Recently I found a book at my local library detailing the history of American fashion and beauty, from the first settlers of
Within the first page of the book the reader learns that Native Americans were the first creators of foundation cream—they smeared a layer of grease or animal fat under face paint to keep it in place. Next we learn of how Native Americans influenced European men and the first American settlers to wear fur. Fur trade would become the first American beauty business among the colonists. However, as influential as Native Americans were, European fashion would have the biggest effect on Americans for the next two centuries. Then, with the American Revolution, came groups like ‘The Daughters of Liberty’ who boycotted European goods and encouraged woman to spin their own cloth. As the ideal waist size rose and fell, diets and exercise proved for some rather ridiculous new inventions and beauty advice. Then the first photograph, produced in 1839, showed woman around the
how woman of the time really looked, not just painters or engraver’s versions of them. Advertisers soon realized that people would buy their product if endorsed by a ‘beautiful’ person and magazine subscriptions shot through the roof. Between 1890 and 1919 woman began to free themselves from the restrictive garments of the past. Woman’s rights movements flourished, makeup became widely accepted, and woman began to join the work force. Electricity soon became the next big thing and everything from massage machines, to perms (permanent hair curling), to electric “fat reducing” corsets were quickly in vogue. As the ‘roaring twenties’ rolled in, men and woman abandoned the traditional clothing of previous centuries and embraced styles like the flapper and the “King Tut craze”. The movie industry and U.S. were soon producing movie stars and creating celebrities known to everyone. The movie craze continued into the Great Depression of the 1930s as the beauty industry proved to be the only depression proof industry. During the depression people went to the theater at least once a week to watch the larger than life stars dazzle in a world of luxury and prosperity. The beauty industry was probably the only industry in which new companies could start up and succeed during the 1930s and Revlon, Almay Cosmetics, and Clairol were some of these new companies. Then, in 1941, World War II hit the Hollywood and fashion took a momentous turn. With the War Production Board restricting materials at rapid pace, woman and men were forced into simpler styles. Woman needed more reasonable clothing and hair styles as over six million of them joined the work force to support the war efforts. However, with the ending of the war, women were forced back into the home and a style that had not been seen for more than two decades was rekindled. In 1947, Christian Dior released his “New Look” which called for corsets, long full skirts, and full hips and breasts. Television was also making its way into the homes of Americans and TV advertisements became a powerful new tool for the beauty industry. Suddenly, not only movie stars were influencing fashion, but political figures, like First Lady Jacqueline Kennedy, were as well. Finally, fashion moved into the modern era, where woman in pants are accepted, beauty through surgery can change “anything”, and movies, TV, internet, and instant communication influence our every step. U.S.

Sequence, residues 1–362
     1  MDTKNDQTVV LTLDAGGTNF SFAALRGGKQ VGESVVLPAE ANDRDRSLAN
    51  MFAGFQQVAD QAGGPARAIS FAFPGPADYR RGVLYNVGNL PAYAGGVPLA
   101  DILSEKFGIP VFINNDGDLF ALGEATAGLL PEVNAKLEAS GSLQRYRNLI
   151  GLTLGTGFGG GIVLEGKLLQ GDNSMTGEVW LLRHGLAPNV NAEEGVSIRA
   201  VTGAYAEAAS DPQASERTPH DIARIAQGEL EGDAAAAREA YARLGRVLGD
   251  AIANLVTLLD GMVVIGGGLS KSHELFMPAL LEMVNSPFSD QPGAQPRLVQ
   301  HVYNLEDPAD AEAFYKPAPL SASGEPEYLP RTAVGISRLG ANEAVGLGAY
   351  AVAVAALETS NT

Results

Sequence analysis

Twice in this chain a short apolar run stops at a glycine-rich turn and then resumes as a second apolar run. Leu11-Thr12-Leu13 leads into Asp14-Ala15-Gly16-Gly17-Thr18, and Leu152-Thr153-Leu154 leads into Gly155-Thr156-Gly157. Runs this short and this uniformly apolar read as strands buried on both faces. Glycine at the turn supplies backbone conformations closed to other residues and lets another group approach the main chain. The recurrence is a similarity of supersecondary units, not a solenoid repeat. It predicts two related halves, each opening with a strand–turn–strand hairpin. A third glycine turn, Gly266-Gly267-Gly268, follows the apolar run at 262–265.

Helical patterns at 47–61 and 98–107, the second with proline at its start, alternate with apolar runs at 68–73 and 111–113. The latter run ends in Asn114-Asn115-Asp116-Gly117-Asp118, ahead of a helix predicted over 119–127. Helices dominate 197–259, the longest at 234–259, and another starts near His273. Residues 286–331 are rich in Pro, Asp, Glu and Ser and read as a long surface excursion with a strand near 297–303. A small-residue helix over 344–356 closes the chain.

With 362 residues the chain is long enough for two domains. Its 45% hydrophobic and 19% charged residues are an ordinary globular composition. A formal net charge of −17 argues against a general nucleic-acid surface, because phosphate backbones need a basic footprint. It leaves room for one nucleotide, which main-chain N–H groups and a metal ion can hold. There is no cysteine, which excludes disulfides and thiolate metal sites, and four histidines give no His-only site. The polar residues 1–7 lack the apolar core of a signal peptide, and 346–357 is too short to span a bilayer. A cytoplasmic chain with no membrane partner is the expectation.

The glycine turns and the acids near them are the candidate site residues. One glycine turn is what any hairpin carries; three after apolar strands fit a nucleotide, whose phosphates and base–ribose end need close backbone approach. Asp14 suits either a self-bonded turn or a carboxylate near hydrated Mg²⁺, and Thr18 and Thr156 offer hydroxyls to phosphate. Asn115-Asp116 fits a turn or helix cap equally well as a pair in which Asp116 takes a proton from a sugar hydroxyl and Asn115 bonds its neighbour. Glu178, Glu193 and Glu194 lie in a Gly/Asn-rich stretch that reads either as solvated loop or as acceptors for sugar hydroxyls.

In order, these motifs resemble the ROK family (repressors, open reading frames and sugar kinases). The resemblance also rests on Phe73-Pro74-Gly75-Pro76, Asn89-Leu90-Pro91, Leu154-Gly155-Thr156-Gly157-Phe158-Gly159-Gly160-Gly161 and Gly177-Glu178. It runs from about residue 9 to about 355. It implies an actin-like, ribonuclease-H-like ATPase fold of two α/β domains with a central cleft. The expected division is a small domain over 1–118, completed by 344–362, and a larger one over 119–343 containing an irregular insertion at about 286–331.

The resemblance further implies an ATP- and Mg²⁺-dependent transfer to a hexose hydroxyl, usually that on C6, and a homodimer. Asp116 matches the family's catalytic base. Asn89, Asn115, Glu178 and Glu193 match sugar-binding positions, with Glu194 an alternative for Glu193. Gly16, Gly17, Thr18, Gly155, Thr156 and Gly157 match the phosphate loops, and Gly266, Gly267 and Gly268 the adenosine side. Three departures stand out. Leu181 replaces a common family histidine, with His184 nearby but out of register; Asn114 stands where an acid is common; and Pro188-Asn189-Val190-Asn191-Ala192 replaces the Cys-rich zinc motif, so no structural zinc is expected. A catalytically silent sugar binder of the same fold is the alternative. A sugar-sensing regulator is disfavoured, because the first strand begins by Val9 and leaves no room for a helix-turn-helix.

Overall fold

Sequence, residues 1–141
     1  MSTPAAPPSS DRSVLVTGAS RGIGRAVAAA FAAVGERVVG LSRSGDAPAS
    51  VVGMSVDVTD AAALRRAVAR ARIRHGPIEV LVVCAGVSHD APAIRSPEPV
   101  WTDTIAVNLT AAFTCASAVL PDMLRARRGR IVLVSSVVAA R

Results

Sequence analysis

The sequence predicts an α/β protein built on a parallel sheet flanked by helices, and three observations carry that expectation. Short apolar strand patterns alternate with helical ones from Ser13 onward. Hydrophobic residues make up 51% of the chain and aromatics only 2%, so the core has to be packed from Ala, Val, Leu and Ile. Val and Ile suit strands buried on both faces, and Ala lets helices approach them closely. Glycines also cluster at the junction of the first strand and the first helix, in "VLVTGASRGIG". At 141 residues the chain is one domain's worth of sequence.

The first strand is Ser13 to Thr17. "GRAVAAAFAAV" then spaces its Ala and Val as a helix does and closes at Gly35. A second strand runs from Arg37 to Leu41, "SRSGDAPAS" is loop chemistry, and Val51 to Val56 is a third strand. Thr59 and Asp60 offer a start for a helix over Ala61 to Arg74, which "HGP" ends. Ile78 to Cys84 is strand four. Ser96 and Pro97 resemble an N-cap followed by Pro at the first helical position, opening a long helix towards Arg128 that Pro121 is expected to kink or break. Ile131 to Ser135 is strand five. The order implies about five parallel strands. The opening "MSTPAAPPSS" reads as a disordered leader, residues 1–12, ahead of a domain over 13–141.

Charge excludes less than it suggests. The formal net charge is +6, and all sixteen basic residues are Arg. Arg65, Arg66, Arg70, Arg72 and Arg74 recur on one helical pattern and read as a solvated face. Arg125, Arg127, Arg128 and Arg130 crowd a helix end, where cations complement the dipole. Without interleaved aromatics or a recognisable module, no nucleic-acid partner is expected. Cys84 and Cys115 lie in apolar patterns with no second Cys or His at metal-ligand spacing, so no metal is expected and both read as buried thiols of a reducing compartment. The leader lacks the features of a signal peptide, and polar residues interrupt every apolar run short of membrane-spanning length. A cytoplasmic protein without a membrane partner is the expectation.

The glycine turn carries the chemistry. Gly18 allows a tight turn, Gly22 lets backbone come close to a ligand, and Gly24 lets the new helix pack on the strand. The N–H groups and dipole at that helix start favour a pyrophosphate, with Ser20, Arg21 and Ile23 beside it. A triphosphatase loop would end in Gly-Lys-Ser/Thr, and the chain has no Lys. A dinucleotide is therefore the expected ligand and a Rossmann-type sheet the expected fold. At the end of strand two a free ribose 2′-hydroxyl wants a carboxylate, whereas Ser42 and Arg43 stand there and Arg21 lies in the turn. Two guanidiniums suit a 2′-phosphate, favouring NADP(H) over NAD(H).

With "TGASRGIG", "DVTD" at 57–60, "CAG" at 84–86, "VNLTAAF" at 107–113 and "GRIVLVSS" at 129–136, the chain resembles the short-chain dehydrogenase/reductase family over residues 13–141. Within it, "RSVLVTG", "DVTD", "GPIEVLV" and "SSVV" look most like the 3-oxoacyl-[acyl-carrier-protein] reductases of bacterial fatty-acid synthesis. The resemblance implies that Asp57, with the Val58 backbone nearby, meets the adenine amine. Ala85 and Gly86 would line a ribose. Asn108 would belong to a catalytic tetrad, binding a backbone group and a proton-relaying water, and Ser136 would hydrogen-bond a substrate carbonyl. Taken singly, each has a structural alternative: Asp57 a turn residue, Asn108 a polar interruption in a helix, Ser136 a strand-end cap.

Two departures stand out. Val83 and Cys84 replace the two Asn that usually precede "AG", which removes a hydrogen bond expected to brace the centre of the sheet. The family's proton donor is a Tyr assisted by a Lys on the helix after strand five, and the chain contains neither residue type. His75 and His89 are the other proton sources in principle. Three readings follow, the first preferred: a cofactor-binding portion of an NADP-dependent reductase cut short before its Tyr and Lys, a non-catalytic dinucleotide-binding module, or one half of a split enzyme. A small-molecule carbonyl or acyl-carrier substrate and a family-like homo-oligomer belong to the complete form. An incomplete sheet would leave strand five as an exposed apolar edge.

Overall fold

Having been the most interesting book I believe I have ever read, I wanted to retain as much information as I could to help me with my growing inner database of fashion. As I read, I found the new information so completely amazing that every five minutes I would stop and tell the closest person around the new fact I had just learned. I hope my knowledge of the history of fashion will help me be able to quickly identify the time period of various articles of clothing. The book also helped me to understand how trends change and the importance of politics, economics, and social media on fashion and beauty image.
Some interesting images from the book...
real ad from 1892
ideal waist size in early to mid 1800s was 16"
1920's bathing suits
plastic surgery obsessed Jocelyn Wildenstein